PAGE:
Florida nostalgia lovers, rejoice. And maybe say a prayer for your pocketbook.
After a multiyear hiatus, Floridania Fest returns to Tampa Bay on May 21. Thousands of historic Sunshine State souvenirs, artwork and collectibles will be for sale at the Gulfport Casino, from postcards and felt pennants to orange blossom perfume and alligator-skin handbags.
“It’s just a super fun hobby because it can combine your love of history, and especially Florida history, with collecting,” said author Ken Breslauer, who has hosted the event on and off since 1994. “You can have lifelong friendships with people who have the same passion.”
Breslauer typically spends six months or so promoting his events and works with about 20 dealers, who are all devoted to scouting out fun and quirky artifacts. The event will also have plenty of Florida books for sale, from Breslauer’s own volumes detailing the state’s souvenir history to coloring books about Florida’s lost landmarks.
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Breslauer, 65, has an interesting history of his own: He grew up in Delray Beach and became a sports writer for the Pensacola News Journal, then spent 37 years at the Sebring International Raceway, where he retired after working as the media relations director. Along the way, Breslauer earned a master’s degree in historic preservation, publishing a thesis in 1999 based on roadside attractions in Florida.
“It wasn’t that big of a topic and then all of the sudden in 2003, Cypress Gardens went out of business,” he said. “Everyone was worried about the future of these roadside attractions, how they might be lost to development and so forth.”
Breslauer followed up his thesis with a book on the history of local roadside attractions. And he started collecting. His first show was at the Biltmore Hotel in Coral Gables, but over the years it’s traveled to other historic venues in cities around the Sunshine State.
Browsing the merchandise isn’t just a fun way to spend a Saturday. It’s also a way to understand how Florida has sold its sunshine over the years. In the late 1800s and early 1900s, most trinkets were handcrafted, including mementos made with natural Florida wood and gator skin.
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“The early attractions of Florida are based on the natural appeal of Florida,” Breslauer said. “The springs, the gardens, the wildlife.”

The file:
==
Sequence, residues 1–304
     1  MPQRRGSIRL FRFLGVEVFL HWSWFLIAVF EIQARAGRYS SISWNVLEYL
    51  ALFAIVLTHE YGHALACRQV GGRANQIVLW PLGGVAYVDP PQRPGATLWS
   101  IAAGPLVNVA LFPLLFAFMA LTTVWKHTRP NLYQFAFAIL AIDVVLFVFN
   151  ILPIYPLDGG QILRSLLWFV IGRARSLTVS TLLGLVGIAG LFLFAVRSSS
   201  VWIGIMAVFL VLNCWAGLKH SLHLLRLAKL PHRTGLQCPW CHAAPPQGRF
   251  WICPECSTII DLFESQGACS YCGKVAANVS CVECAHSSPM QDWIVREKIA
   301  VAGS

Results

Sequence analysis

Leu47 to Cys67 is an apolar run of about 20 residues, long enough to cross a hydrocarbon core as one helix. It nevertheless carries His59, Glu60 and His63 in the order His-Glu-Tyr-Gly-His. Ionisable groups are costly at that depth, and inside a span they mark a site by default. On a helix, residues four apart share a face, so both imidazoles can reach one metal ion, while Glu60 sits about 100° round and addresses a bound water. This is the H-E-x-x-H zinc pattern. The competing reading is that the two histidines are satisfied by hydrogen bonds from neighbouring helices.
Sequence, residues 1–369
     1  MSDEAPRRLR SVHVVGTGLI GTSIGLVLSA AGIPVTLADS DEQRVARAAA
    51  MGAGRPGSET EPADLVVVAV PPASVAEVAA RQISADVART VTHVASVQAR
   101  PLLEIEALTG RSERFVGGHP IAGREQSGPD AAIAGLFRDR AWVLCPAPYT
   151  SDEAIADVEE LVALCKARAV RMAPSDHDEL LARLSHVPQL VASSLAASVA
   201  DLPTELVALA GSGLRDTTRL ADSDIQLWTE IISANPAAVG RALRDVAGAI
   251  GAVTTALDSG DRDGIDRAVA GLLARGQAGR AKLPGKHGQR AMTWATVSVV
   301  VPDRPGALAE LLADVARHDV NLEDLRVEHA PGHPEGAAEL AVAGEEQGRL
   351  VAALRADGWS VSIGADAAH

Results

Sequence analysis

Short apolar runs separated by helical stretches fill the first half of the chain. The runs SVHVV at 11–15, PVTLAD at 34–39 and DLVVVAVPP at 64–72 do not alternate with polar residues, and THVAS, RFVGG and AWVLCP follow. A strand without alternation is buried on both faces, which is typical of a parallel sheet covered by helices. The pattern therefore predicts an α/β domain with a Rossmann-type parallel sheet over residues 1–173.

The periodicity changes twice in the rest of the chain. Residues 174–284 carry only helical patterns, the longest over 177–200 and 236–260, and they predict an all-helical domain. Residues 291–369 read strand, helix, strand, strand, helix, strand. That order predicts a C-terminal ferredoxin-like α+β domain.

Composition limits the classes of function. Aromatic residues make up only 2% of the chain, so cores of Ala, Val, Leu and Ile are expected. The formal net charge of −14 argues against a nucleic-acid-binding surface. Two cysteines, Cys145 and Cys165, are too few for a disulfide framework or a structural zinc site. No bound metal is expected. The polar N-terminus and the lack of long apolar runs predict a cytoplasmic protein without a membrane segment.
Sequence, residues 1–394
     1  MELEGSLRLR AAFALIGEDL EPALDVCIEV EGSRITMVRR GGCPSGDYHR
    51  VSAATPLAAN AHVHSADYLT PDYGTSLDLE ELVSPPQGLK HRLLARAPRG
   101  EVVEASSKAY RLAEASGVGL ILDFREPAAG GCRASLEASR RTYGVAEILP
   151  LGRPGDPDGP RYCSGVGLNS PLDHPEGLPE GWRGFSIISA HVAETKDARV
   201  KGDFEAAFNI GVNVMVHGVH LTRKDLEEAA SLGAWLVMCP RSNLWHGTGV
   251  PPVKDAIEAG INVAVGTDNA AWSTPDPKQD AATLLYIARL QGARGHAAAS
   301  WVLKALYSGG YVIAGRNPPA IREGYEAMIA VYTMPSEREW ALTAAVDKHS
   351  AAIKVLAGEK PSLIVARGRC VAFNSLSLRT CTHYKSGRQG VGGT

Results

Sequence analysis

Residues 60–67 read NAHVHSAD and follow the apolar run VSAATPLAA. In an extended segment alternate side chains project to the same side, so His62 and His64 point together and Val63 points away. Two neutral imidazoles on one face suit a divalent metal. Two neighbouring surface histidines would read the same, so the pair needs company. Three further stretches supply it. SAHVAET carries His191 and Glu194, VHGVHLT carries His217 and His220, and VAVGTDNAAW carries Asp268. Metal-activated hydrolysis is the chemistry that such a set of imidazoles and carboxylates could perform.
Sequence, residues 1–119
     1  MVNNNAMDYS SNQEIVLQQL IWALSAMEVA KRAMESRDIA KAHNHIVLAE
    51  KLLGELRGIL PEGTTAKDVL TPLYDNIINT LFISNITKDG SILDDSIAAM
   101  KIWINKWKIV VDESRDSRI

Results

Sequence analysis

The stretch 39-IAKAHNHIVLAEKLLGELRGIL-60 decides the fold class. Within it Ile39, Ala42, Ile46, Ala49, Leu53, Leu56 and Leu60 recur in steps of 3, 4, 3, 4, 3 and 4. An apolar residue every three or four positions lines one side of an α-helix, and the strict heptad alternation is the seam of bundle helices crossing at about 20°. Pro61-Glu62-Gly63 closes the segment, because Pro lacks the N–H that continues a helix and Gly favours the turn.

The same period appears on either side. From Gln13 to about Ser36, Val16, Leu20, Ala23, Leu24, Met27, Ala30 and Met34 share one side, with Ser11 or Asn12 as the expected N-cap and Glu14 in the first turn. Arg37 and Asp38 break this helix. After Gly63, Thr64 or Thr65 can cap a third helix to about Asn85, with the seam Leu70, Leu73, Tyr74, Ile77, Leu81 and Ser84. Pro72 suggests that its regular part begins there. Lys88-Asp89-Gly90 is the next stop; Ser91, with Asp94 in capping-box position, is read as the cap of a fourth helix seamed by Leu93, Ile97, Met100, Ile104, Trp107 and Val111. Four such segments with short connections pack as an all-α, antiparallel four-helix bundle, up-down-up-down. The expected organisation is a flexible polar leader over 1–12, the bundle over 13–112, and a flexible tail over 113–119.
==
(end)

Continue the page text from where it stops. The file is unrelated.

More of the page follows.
As the 20th century progressed, the rise of the roadside attraction ushered in a new era of keepsakes: ashtrays, decals, plates and View-Master reels. Before Disney made a splash in the ‘70s, spots like Silver Springs, Sunken Gardens and Cypress Gardens reigned supreme.
Certain attractions have big crossover appeal among collectors and will be very present at the show, like Weeki Wachee’s mermaids and Cypress Gardens’ water skiers. Tiki Gardens, a now-defunct Indian Rocks Beach attraction that capitalized on the midcentury tiki craze, is popular with tiki enthusiasts. A 33 RPM record put out by the attraction now can go for up to $500.
“Whatever people tend to remember from their childhood tends to be what they go crazy for,” said author Rick Kilby, who will be selling his history books at Floridania Fest.
When Kilby was working on his last few books about Florida’s springs, he attended Breslauer’s events to find artifacts he could use. These days, he’s going more to have some fun shopping.
“Ken buys the cream of the crop,” Kilby said. “He has stuff no one else has.”
Kilby’s advice: If you see something you like, grab it. He still remembers unique items from previous festivals that he didn’t buy and hasn’t seen since, like tiny hand-drawn billboard inserts that Silver Springs sold to be added to model train sets from the 1950s and ‘60s.
“This is really a good chance to find your Florida treasure,” Breslauer said.
If you go
Floridania Fest takes place from 10 a.m. to 4 p.m. May 21 at the Gulfport Casino. The last admission is at 3:30 p.m. $5, children 14 and under are free. 5500 Shore Blvd. S, Gulfport.